If we want to improve young voter engagement, there are lessons that can be learned from the US Presidential campaigns

The 2016 US Presidential election is in full-flow, with Hilary Clinton and Bernie Sanders fighting for the Democratic nomination, and Donald Trump still the frontrunner for the Republicans. Here, Josie Torrice looks at the lessons that can be learned from the campaign in terms of increasing the engagement of young voters, who are considerably less likely to vote than their older counterparts.

Young people aged 18-24 are currently the group least likely to vote in the UK, 20% less likely to vote than the average Briton and staggeringly only half as likely to vote at those aged 65 or over. This is particularly worrying when considering the evidence that young non-voters are less likely than previous generations to ever pick up the habit of voting. As IPPR suggests in their report Divided Democracy, almost every successive generation is beginning their voting life with a lower turnout rate than the generation before. At this rate turnout among voters who entered the electorate post 1990 might never catch up with that of the Baby Boomers. This is a stark warning. If voting rates amongst young voters don’t improve, in a few decades we could be facing a crisis of democratic apathy with UK electoral turnout stuck at a paltry 44%.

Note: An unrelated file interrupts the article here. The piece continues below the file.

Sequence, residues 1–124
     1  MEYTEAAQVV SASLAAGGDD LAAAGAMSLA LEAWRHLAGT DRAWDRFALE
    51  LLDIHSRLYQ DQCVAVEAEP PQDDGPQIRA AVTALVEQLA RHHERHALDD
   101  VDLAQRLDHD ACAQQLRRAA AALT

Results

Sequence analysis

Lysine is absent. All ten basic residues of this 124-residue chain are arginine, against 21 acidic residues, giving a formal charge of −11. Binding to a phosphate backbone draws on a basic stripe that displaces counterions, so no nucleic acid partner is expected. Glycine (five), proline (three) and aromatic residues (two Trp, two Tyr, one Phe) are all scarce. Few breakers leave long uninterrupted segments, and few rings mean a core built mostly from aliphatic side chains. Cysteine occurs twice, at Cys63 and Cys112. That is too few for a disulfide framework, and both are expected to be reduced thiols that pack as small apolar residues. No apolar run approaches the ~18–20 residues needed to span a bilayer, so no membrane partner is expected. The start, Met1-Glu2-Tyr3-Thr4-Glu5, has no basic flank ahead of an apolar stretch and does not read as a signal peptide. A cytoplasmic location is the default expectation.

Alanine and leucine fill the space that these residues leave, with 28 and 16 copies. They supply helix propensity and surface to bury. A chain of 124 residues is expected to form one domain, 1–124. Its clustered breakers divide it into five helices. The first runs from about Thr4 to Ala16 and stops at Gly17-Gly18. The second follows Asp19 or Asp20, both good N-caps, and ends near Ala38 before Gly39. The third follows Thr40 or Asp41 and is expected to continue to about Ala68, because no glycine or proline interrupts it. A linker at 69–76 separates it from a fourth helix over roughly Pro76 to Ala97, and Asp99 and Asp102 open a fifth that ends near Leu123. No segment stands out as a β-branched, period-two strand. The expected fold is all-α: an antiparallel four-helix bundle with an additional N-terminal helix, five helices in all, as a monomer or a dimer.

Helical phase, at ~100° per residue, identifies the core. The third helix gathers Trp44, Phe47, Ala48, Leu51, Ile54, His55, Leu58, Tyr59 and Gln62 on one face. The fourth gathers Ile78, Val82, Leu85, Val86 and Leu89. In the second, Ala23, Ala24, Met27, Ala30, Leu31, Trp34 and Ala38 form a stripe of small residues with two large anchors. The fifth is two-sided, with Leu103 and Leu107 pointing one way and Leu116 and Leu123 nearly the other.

One organisation is taking a completely new approach to fixing this monumental problem by taking young British students across the pond to campaign in the US Presidential Election race to see what we can learn from our transatlantic neighbours. 45 for the 45th, a bipartisan not-for-profit, based in the UK, have just returned from their first trip to Iowa and New Hampshire and are heading out to Ohio later this month before organising a final trip for the main event in November.  

During the run up to the 2015 UK General Election a variety of groups used innovative tactics to encourage young people to register to vote and to get to a polling station on May 7th.  Bite the Ballot’s National Voter Registration Day, which included a huge drive across social media platforms, helped to encourage over 130,000 young people to register to vote on the day of the registration deadline. Other groups focussed on even more specific demographics with Operation Black Vote targeting BME voters and RegistHERtoVote working to boost turnout amongst young women. Together these campaigns achieved incredible success using social media, celebrity endorsements and a targeted approach.

However on election day the turnout amongst young people actually fell. According to Ipsos Mori research, turnout amongst those aged 18-24 decreased by 1% with a shocking 8% fall in turnout among young men.

It would appear that the more targeted campaigns faired better than those with a general approach. Operation Black Vote published data suggesting that voter turnout in the most diverse constituencies increased. The most diverse, East Ham, saw a 5% increase, turnout in Ealing North went up 2.7%, and Birmingham Ladywood reported an increase of 4.7%. Similarly RegistHERtoVote celebrated a turnout increase of 5% amongst women aged 18-24 and have been gearing up their campaign to ensure this trend continues for the Mayoral elections in May.

The groups mentioned above demonstrated that social media-led campaigns, specifically targeted, can be effective in increasing voter registration and turnout. However, we must not be complacent and constant innovation is the key to creating real change. This year there is one campaign taking a completely new approach.